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About Race & Human Biotechnology

Racist ideas and practices have marred the history of science, with low points including the eugenics movement and medical experiments on vulnerable populations. Public awareness and social oversight are needed to ensure that these sorts of occurrences are not repeated.

Today, some geneticists and biomedical researchers are searching for genetic differences between racial groups, raising concerns that these biological variations may be used to justify inequitable outcomes that are created by social, environmental, and economic forces. However well-meaning, this could lead to gross abuse.

Genetic researchers have been particularly interested in indigenous peoples. Their reproductive insularity has led to a genetic homogeneity that can facilitate searches for correlations between specific genes and phenotypic traits. Many indigenous people object to this work for a variety of practical and ethical reasons, including the patenting and commercialization of genetic information, the lack of fully informed consent, the potential for genetic discrimination, and the disproportionate allocation of public funds to genetic research rather than to direct health care and prevention programs.

What 2,500 Sequenced Genomes Say about Humanity’s Futureby Lizzie WadeWiredSeptember 30th, 2015In light of geneticists’ attempts to find roots of racial health disparities, genomics has gone from being a “race-free” science to being a “race-positive” one.
Born that way? ‘Scientific’ racism is creeping back into our thinking. Here’s what to watch out for.by W. Carson Byrd & Matthew W. HugheyWashington PostSeptember 28th, 2015Two recent studies and a review of current events show the media and white communities embracing the idea of racial genetic differences in order to avoid confronting the history of systemic oppression of racialized groups.
Can 23andMe have it all?by Kelly ServickScienceSeptember 25th, 2015Amid 30 recent deals with biotech and pharma companies, 23andMe hired Genentech retiree Richard Scheller who plans to hire 25 scientists in the next year to begin drug development based off the direct-to-consumer genomic database.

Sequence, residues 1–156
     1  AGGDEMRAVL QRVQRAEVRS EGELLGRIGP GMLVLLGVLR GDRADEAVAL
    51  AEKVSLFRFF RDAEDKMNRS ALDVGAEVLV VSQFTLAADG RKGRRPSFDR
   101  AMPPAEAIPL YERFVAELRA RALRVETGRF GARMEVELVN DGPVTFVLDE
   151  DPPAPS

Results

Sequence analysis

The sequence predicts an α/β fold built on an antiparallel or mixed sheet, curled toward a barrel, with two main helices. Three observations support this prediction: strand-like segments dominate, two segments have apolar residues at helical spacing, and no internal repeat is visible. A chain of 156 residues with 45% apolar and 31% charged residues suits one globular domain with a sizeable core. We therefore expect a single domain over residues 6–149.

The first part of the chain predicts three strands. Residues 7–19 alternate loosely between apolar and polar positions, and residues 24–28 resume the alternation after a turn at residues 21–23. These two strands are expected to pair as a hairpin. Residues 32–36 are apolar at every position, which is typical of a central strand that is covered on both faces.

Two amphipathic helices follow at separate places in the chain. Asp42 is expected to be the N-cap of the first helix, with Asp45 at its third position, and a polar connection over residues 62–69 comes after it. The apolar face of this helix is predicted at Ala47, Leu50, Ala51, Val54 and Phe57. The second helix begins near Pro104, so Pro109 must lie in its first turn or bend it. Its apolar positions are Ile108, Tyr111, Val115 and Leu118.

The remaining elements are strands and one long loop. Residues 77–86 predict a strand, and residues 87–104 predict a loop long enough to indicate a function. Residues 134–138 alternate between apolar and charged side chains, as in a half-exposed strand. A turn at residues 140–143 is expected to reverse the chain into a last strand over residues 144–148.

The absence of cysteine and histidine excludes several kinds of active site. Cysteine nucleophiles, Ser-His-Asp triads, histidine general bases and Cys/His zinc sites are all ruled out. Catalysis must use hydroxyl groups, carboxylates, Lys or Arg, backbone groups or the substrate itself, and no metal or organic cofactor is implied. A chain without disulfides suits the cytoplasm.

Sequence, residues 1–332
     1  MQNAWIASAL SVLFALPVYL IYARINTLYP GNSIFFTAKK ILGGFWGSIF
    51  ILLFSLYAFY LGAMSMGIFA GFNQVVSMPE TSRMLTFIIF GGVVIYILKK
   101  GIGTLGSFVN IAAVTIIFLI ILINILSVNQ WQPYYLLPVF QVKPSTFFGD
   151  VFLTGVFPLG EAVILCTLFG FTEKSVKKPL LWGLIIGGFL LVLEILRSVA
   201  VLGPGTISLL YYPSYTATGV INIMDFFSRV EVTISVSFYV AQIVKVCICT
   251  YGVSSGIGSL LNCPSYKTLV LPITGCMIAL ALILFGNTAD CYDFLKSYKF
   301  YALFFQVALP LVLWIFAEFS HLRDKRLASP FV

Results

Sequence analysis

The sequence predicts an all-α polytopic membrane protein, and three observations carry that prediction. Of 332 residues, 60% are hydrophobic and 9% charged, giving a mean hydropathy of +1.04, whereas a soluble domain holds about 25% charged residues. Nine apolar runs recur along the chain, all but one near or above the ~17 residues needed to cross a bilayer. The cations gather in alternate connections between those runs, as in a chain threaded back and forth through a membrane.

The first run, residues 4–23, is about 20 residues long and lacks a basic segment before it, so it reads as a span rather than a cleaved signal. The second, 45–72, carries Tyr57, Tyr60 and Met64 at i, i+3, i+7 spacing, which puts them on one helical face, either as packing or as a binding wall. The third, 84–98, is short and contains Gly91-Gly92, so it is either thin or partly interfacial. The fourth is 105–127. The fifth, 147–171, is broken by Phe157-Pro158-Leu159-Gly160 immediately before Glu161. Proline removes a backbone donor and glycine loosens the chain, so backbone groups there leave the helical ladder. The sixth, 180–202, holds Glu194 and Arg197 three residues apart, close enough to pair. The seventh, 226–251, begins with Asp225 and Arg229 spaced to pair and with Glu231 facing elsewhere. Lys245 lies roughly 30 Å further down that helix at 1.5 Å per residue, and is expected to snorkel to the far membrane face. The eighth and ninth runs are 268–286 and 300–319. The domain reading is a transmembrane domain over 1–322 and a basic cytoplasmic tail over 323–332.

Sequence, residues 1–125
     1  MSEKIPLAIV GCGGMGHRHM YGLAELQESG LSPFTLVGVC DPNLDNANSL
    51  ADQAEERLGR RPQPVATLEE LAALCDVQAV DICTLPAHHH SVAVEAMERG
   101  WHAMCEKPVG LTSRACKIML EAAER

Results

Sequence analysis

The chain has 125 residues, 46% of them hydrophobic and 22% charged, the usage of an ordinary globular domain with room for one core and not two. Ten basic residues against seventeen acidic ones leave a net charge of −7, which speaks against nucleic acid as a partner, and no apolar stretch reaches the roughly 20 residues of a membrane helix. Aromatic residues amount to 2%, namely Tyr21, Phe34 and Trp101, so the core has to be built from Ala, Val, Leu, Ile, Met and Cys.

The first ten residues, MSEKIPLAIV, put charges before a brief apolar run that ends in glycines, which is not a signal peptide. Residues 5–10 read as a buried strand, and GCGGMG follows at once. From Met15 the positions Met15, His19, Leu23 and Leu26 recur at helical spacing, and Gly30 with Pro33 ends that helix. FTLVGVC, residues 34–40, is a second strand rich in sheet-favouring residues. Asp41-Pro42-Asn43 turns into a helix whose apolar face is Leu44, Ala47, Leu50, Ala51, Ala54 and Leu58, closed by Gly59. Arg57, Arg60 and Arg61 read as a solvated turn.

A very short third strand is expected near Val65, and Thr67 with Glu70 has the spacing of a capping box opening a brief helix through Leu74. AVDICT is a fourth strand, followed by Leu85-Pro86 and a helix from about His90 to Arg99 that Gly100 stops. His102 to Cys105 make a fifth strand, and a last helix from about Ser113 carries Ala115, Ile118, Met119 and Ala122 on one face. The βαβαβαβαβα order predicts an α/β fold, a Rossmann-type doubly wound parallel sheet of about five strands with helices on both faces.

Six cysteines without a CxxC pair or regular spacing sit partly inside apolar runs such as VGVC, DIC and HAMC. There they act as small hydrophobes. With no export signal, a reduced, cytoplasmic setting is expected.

Seeing Others: Is Racial Prejudice Innate or Learned?[Cites CGS's Osagie Obasogie]by Chelsea LeuCalifornia MagazineSeptember 24th, 2015UC Hastings professor and CGS Senior Fellow Osagie Obasogie explains that the way blind people understand race supports the idea that the perception of race is learned.
Prosecutor backs expanded DNA testingby Evan AllenBoston GlobeSeptember 17th, 2015A new Massachusetts bill would allow police officers to obtain genetic material at the point of felony arrest — creating what Justice Scalia calls the "genetic panopticon."
In Its Focus on Genetics and Race, Global Newspaper Coverage of Athletics is Far from “Post-Racial”by Matthew W. Hughey & Devon R. Goss USAPP Blog [London School of Economics and Political Science]September 10th, 2015A study of English-language newspaper articles about race, sport, and genetics finds a sharp reemergence of scientific racism.
Biotech Imagination: Whose Future is this?by Jessica CussinsSeptember 8th, 2015A feature in PLOS Biology highlights insider predictions about the next ten years in genetics and genomics with unanimous optimism. But whose future is this?
Kuwait's War on ISIS and DNAby Dawn FieldOxford University Press BlogSeptember 3rd, 2015Amid other national genomic projects, Kuwait's mandatory DNA collection is the first use of DNA testing at the national-level for security reasons, counter-terrorism.
Giant study poses DNA data-sharing dilemmaby Sara ReardonNature NewsSeptember 1st, 2015As the US Precision Medicine Initiative pushes forward, whether to provide sequenced genetic information to biobank donors is an unresolved question of ethics, privacy, and medical utility.
Blind people can be racist, too, study says[Cites CGS's Osagie Obasogie]by Carina StorrsCNNAugust 30th, 2015A new study suggests blind people don't think about the physical attributes of race, but Osagie Obasogie disputes the idea that blind people enter social interactions with a blank slate.
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